Saturday, 3 November 2012

Samhain for children

Once upon a time in the Celtic lands the nights became longer, colder  and  the leaves began to fall. The harvest season was ending and the winter was creeping in. The beginning of the dark season meant the door to the Otherworld would be open allowing fairies and  the souls of the dead and other spooky beings to pass into our world.
The people lit huge bonfires  and celebrated the dead with a huge festival called Samhain.  They had huge feasts and beckoned the souls of their dead relatives to celebrate with them.
Today we celebrate this time of year with Halloween but all  the things we like to do on Halloween today all evolved from  the Samhain festival that happened lots and lots of years ago.


Carving Jack O Lanterns 

During Samhain the people were frightened of the nasty evil spirits and fairies that passed through the door from the otherside. They did lots of things to protect themselves.
They made lanterns and carved scary faces into turnips and placed them in their windows to protect their homes.
Years later some of the people traveled by boat to North America (which was far far away) and passed the tradition of carving lanterns to the Americans. Turnips were really hard to find in the new lands so Pumpkins were used instead. They found that pumpkins were a lot easier to carve and made better lanterns.


We had a go at carving a turnip. It was really tricky.






Trick or treating

During Samhain the people  left food and drink out as a peace offering to the spirits, fairies, and creatures from the otherside to try stop them from becoming angry.  Over the centuries people started getting dressed up like the dreadful creatures and performing in exchange for food and drink. People started making Soul cakes which were used as a offering for the dead and were given to children and poor people who went door to door singing songs and saying a prayer for the dead. When a soul cake was eaten it represented a soul of  the dead being freed.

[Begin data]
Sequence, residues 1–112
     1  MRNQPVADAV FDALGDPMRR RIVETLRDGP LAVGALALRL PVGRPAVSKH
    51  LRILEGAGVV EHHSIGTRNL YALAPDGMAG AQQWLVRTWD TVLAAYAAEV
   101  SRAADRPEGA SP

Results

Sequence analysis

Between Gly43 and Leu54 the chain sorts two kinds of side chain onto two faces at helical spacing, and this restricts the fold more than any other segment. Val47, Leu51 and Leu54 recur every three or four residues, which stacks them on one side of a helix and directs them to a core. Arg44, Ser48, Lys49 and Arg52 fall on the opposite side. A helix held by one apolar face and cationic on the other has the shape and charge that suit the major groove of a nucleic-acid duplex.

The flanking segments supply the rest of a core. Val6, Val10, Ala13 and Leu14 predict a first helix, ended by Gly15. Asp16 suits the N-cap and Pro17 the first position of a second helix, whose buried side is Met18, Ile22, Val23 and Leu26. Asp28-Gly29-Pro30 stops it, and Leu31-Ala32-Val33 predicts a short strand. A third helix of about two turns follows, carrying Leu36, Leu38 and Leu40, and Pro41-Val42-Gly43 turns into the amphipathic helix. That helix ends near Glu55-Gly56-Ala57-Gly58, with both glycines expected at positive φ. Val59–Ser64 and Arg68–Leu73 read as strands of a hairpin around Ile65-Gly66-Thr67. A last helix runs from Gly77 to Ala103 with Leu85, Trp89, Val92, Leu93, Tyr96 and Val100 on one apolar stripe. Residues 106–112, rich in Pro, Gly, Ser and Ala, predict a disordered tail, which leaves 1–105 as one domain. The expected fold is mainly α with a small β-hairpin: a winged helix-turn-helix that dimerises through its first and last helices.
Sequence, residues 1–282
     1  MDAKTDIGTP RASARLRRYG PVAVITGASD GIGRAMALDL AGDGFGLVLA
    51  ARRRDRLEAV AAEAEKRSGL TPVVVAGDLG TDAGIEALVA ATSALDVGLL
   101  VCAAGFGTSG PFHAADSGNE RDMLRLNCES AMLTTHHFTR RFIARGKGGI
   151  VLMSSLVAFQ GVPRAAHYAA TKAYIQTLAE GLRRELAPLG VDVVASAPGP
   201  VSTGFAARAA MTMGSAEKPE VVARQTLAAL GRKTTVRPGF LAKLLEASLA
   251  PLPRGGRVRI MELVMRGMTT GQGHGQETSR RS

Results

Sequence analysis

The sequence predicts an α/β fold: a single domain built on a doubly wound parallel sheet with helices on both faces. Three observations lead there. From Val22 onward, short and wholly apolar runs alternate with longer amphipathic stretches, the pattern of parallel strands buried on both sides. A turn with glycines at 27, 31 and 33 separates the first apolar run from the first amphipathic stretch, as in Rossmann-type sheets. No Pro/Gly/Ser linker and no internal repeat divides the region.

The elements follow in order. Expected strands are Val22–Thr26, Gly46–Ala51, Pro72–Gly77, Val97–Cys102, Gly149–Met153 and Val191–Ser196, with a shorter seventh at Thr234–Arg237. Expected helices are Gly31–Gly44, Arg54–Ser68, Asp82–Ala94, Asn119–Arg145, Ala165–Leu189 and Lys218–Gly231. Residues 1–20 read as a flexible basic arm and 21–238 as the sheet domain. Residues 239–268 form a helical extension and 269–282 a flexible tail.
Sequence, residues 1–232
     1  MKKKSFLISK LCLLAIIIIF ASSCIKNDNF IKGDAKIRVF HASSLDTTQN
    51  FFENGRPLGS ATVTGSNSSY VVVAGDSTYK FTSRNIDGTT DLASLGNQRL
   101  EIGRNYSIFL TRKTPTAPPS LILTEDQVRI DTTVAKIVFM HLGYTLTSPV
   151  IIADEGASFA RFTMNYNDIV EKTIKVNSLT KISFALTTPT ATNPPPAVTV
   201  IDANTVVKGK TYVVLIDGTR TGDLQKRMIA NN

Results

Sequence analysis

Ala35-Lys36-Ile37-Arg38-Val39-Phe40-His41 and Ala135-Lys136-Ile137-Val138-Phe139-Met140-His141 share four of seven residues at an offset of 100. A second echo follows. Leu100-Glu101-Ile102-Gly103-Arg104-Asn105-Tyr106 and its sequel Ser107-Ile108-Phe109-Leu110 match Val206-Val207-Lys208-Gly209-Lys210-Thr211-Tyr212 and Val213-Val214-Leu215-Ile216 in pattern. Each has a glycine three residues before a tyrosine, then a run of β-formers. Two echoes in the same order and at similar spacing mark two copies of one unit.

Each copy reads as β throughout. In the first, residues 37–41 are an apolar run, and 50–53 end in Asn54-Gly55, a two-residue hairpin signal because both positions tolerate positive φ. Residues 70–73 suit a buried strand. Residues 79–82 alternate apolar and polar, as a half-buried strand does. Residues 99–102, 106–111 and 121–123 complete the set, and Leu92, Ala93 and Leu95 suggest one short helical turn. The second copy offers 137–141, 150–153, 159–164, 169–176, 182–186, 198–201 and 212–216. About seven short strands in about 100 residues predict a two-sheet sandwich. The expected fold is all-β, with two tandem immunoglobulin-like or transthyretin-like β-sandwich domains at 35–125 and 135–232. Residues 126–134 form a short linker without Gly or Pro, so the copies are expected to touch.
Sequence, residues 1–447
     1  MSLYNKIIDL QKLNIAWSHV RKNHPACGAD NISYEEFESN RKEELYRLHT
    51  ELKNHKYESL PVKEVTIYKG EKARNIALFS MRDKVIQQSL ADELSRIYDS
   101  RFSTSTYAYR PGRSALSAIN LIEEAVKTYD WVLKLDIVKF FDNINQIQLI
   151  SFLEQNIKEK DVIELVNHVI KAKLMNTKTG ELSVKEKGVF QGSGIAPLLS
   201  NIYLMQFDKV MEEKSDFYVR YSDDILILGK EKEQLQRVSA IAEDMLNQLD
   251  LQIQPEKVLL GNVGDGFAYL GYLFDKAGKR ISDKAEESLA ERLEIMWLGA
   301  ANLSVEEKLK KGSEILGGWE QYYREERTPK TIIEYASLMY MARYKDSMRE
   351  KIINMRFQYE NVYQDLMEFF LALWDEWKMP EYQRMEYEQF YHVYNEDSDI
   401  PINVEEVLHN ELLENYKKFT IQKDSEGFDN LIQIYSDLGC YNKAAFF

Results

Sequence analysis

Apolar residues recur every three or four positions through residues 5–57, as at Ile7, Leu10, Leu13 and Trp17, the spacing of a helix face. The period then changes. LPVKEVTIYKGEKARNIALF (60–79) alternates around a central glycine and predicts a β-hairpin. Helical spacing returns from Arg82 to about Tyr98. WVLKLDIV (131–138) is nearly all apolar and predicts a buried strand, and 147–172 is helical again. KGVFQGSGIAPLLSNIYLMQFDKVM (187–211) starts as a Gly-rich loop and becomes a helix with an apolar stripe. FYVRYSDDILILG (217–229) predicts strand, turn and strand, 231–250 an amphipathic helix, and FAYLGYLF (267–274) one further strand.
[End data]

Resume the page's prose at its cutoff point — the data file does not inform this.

We had a go at making our own soul cakes and sang a song that was traditionally sang in exchange for them.





Soul Cake Recipe 


340g plain flour
170g sugar
170g butter
1/2 tsp cinnamon
1/2 tsp  mixed spice
pinch nutmeg
1 egg beaten
2 tsp white wine vinegar



Mix all the dry ingredients.




 Rub in the butter until the mixture resembles breadcrumbs





Add the egg and white wine vinegar and knead until soft.



Cover and put into fridge for 20 mins.
Preheat the oven to 200 °C Roll the dough out until it is around  7mm thick and cut into rounds.




Draw a cross shape on the top of the dough




Place on a greased baking tray and bake 15 - 20 mins




Cool for a few minutes and enjoy. We all found them very yummy.





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